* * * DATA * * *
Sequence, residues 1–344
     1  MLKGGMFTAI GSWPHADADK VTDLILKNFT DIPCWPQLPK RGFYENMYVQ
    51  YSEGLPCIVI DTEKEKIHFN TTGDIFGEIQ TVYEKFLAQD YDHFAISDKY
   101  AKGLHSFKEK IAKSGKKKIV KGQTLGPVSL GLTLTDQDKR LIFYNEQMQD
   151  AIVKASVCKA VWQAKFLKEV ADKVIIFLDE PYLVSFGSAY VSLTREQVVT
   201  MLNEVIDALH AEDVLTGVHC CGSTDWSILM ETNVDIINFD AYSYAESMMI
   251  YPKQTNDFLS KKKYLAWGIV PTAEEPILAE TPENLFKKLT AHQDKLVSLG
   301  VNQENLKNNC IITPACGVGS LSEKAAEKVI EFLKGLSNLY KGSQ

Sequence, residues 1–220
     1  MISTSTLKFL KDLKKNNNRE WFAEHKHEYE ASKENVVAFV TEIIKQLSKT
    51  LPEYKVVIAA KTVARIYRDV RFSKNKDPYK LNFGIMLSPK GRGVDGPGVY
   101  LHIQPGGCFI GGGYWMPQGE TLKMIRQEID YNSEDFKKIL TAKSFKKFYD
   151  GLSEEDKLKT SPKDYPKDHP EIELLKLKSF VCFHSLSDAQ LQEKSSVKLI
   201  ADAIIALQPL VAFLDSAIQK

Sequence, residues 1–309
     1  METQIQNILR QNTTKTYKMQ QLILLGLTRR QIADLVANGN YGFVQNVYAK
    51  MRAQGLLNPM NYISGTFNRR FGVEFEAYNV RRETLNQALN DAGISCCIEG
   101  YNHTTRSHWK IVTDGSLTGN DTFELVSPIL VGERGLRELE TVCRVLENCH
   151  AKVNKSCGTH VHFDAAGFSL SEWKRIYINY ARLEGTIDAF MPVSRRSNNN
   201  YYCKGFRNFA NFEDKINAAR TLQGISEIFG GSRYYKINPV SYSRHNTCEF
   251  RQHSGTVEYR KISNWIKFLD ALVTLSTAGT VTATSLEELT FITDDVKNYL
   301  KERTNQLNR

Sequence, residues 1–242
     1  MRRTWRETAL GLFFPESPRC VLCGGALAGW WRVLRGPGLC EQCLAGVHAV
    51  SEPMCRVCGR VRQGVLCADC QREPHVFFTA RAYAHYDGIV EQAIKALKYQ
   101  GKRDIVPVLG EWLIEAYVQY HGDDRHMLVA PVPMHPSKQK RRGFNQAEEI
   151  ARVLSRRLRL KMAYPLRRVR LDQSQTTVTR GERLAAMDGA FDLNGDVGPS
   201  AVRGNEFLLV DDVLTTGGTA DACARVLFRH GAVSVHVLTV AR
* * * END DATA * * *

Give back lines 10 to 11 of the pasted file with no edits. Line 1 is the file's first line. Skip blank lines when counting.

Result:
     1  MISTSTLKFL KDLKKNNNRE WFAEHKHEYE ASKENVVAFV TEIIKQLSKT
    51  LPEYKVVIAA KTVARIYRDV RFSKNKDPYK LNFGIMLSPK GRGVDGPGVY